Love is universal, so is religion. Religious traditions in weddings always bring an extra level of sentimentality and closeness between the couple and their guests. Here are six great traditions we have come across!
A common practice in Hindu weddings, the Mehndi is one of the most unique, beautiful parts of the ceremony. The bride receives her Mehndi at a party before the day of the wedding with her friends. This is where the bride is adorned with intricate henna designs on her arms, hands, legs and feet. The Mehndi represents the strength of love in a marriage and the darker the color, the stronger the love is. Learn more about Indian weddings here.
Chuppahs are structures we are used to seeing in many wedding photos, they are the canopies under which many people get married. If you are Jewish, the bride and groom cannot wear jewelry under the chuppah because it could cause a focus on material possessions. It consists of a cloth or sheet, stretched or supported over four poles, or sometimes manually held up by attendants to the ceremony. A chuppah symbolizes the home that the couple will build together and the sides are open to symbolize hospitality.
Thirteen Gold Coins
In Catholic Latin American weddings, it is common for the groom to give the bride 13 gold coins. These have been blessed by the priest marrying them and represent Christ and his 12 apostles.
The Unity Candle
Unity candles are a Christian tradition where the couple uses individual lighted candles to ignite a single, larger candle. The ritual symbolizes the two families that are brought together when two people marry becoming one. The bride’s parents light a candle and then the groom’s parents light another and then together, the bride and groom use these two candles to light a third, larger candle of their own.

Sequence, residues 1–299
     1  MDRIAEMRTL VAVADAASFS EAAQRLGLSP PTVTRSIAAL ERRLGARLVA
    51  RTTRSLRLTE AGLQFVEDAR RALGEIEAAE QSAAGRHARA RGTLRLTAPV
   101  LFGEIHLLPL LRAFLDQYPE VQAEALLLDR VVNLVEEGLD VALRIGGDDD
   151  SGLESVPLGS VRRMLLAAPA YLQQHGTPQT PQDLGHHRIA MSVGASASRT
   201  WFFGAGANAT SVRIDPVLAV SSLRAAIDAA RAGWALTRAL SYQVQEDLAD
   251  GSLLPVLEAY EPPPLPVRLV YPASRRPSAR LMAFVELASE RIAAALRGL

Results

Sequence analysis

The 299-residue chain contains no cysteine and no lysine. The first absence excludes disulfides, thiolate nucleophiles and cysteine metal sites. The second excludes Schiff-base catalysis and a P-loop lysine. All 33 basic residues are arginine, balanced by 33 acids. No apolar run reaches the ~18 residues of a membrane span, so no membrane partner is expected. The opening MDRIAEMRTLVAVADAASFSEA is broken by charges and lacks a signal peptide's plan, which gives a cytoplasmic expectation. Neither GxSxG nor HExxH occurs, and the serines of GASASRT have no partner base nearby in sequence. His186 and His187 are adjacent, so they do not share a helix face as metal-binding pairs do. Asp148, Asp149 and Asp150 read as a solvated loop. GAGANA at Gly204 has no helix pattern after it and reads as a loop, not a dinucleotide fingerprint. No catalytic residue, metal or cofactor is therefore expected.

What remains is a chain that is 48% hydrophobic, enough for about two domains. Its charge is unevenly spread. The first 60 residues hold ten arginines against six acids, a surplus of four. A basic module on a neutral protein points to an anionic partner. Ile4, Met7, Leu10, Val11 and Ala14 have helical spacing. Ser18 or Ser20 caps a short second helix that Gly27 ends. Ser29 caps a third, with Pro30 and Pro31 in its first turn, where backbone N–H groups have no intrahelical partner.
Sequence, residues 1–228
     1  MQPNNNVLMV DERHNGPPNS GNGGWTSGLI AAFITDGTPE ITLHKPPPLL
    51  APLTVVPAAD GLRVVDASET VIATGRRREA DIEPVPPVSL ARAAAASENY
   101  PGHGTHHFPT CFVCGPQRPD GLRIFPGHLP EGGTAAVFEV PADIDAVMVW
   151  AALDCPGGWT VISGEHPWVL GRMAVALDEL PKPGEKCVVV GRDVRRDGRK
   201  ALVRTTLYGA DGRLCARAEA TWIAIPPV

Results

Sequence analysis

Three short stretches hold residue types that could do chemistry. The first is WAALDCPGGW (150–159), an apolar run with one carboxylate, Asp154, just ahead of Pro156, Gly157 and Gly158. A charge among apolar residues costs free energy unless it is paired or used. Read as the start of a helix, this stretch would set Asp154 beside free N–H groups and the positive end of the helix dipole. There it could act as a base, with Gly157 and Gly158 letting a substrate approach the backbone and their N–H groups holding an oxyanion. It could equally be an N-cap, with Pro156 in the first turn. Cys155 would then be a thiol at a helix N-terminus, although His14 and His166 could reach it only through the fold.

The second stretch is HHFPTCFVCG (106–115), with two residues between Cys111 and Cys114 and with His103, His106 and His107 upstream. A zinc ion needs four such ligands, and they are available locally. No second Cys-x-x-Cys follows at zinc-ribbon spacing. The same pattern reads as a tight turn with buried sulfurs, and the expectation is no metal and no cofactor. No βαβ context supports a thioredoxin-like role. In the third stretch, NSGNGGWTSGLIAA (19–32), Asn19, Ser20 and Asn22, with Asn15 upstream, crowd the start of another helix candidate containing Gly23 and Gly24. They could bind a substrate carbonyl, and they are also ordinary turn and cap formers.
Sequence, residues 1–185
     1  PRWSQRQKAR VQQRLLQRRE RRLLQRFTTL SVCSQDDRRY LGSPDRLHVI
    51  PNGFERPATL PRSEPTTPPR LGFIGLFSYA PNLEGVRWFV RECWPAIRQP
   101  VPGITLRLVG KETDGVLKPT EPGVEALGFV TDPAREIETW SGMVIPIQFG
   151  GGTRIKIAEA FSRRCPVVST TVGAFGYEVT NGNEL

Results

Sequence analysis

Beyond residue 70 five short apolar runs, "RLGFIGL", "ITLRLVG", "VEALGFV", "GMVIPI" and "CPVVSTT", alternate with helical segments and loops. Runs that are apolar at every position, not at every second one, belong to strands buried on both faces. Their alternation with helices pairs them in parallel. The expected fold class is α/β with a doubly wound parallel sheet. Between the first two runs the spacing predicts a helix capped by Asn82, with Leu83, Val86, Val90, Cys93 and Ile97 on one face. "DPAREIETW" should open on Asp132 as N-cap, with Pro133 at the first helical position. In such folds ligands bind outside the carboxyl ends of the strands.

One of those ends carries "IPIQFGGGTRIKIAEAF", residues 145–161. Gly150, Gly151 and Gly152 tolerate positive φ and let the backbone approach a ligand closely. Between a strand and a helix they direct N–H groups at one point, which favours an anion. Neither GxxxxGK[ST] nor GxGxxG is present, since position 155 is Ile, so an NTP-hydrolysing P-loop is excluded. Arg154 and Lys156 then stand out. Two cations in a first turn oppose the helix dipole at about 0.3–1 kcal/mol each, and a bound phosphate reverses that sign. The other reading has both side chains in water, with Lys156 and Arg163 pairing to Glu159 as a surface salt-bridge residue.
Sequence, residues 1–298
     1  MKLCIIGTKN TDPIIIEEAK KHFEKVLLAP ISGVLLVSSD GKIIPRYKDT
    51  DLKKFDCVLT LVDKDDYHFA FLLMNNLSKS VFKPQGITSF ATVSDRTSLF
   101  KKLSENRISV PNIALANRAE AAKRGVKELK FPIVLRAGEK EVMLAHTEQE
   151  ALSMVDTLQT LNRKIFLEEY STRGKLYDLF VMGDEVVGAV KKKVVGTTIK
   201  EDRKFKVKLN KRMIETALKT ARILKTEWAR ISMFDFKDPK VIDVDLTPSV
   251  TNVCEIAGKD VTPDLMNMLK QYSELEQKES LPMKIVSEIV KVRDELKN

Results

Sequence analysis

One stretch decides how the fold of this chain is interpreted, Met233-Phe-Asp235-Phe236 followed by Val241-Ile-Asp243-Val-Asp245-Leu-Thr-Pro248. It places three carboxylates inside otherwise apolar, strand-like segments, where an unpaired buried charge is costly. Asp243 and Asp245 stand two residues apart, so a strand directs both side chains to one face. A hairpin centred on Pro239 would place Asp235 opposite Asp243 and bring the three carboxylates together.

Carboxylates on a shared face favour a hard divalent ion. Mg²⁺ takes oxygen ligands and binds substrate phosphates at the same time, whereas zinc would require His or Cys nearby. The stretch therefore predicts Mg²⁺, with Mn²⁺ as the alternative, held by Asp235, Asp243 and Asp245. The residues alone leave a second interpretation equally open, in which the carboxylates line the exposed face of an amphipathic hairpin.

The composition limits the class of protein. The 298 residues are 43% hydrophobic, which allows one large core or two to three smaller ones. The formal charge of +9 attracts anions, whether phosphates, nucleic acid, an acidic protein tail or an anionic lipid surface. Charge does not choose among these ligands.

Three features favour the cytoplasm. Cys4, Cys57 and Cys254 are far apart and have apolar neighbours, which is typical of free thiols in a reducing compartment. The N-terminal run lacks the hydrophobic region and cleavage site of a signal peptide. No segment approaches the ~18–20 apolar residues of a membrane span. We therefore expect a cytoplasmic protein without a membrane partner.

The Breaking of Glass
We’ve all seen it, either in person or in movies, at a Jewish wedding the man breaks glass at the end of the ceremony. After the bride has been given the ring (in Jewish weddings men don’t receive rings during the ceremony – if the bride wants to give one she does so after the ceremony) the groom breaks a glass, crushing it with his right foot, and the guests shout “Mazel tov!” (Congratulations). In recent years, couples have moved away from using the traditional glass to lightbulbs because they are thinner making them easier to break and make a louder popping sound. Although the origin of this practice is not known, it is agreed upon to be an act that symbolizes that joy must always be tempered.
Jumping the Broom
African American and Pagan weddings have a common practice called “jumping the broom” at the end of the ceremony. For African Americans, the ritual is derived from the fact that slaves in America were not permitted to marry, so they devised the symbolic gesture of jumping over a broom to signify marriage. The ritual also has meanings ranging from “sweeping away” the single life to evoking a sense of hearth and home.
This custom originates from the tradition of shaking hands over a contract. At Pagan weddings, the couple’s hands are bound together, often with lovely colored ribbons and cords, to symbolize their union. Originating from Great Britain during pagan times, the bride and groom bind their hands together with a ribbon, symbolizing the joining of their lives. Today, many couples do this immediately before or after the exchange of rings.